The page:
Organize A Union

As you are probably aware, most working men and women in this country have the right to form and join labor unions to better their working conditions, increase their wages, and help gain job security. This section provides a brief overview of your rights as employees, and also provides some useful links where you may receive additional information if you are interested in organizing a union.

Why do people join labor unions? First of all, there is strength in numbers. By joining together, workers can achieve important protections, and improved working conditions that may be difficult, if not impossible, for an individual employee to obtain acting on his or her own. Unions help employees to obtain improved wages and health benefits, assure compliance with wage and hour laws, such as the Fair Labor Standards Act (FLSA), workplace safety laws, such as OSHA, and can help protect employees against unfair firing, suspensions, or other disciplinary actions. The right to form and join labor unions is protected by a variety of federal and state laws, as well as the United States Constitution.



Private sector employees are those persons employed by private companies and organizations, as opposed to those who are employed by the federal, state or local government. For workers employed in the private sector, the National Labor Relations Act (NLRA) protects your right to form and join labor unions, to assist a union in organizing the employees of a work place, and to go on strike to secure improved wages and working conditions. The NLRA also prohibits employers from interfering with these rights. For example, it is illegal for an employer to fire an employee due to his or her involvement in a labor union, to threaten an employee with loss of job or benefits, or to threaten to close the plant or office if a union comes in.

Once a union has been recognized as the official bargaining representative of the employees at a company, store, or plant, the labor union has the right to bargain with the employer over wages, benefits (pension, health insurance, vacation, etc.), and other working conditions. Such bargaining can result in a collective bargaining agreement, or CBA, which is an enforceable contract.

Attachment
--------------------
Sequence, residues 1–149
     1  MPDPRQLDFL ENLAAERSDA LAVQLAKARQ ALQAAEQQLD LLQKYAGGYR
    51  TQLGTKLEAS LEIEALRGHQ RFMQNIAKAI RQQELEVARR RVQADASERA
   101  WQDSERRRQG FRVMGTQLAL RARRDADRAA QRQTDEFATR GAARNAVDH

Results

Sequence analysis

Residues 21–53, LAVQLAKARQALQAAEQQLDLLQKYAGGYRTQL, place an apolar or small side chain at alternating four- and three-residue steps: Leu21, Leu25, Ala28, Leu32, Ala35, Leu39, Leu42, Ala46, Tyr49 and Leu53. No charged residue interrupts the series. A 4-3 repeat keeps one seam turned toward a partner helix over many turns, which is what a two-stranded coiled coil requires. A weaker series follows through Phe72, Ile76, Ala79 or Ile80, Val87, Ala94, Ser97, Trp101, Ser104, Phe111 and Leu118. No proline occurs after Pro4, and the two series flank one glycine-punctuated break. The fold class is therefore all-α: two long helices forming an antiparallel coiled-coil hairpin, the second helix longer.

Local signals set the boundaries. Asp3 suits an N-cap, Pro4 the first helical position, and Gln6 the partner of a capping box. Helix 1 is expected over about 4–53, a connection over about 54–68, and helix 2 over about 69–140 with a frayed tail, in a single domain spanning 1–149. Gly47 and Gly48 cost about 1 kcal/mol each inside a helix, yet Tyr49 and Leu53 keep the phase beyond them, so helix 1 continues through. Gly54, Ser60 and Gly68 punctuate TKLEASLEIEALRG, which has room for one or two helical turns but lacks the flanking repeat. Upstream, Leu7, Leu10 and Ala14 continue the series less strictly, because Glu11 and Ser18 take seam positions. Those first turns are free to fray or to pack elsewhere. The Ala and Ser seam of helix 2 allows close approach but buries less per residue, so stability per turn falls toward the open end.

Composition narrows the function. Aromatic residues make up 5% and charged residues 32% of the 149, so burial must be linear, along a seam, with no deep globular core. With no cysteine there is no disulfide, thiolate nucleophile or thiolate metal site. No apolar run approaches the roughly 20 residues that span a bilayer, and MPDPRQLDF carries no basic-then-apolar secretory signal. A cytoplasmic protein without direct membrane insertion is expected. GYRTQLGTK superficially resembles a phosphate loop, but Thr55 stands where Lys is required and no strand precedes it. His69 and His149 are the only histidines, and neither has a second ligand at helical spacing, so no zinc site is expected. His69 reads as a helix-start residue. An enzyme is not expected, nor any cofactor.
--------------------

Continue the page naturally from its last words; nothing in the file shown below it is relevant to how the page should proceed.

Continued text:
Public sector employees are those individuals working for federal, state or local governments, such as fire fighters, police officers, government white collar workers, and the like. A majority of the states have state legislation which provide certain rights to state and local government employees to form and join labor unions. The rights provided by the various states varies greatly from state to state, with some states offering rights similar to those provided under the NLRA, while other states provide fewer rights.

In addition, public sector employees (federal, state, and local) have certain rights that are protected by the United States Constitution. As most people are aware, the First Amendment of the U.S. Constitution protects an individual's right to freedom of speech and association. These rights, which apply to public sector employees, work to protect your right to engage in union activities.

For example, you have a constitutionally protected right to form and join a labor union, even in states that do not allow public employee collective bargaining. This means that a public employer cannot fire you, or otherwise discriminate against you due to your membership in a labor union. In addition, as public employees, you have the right to engage in speech on matters of public concern including safety and budgetary issues that effect both you as an employee, and the public as well. These constitutional protections can be an important tool for organizing labor unions in the public sector, as well as tools that the unions can use to gain public support for their positions and concerns.



Federal employees have the right to form and join labor unions. This right is protected by the Federal Labor-Management Relations Act (FMLRA).

This Act was modeled after the NLRA discussed above, and provides most federal sector employees with many of the same protections afforded employees in the private sector.

Indeed, unlike the private sector, federal agencies are prohibited from taking a position for or against a union during a union organizing campaign and election.

Although federal sector unions do not have the right to negotiate over wages or to strike, they do afford significant protections to employee rights through grievance procedures and binding arbitrations - forums that are available to non-unionized groups of employees in the federal sector. In addition, federal sector unions negotiate over all areas regarding working conditions except wages and statutory pay benefits.

Lastly, federal unions lobby on Congress on behalf of their members for better pay, benefits and working conditions. The effectiveness of lobbing is largely guided by the strength of membership.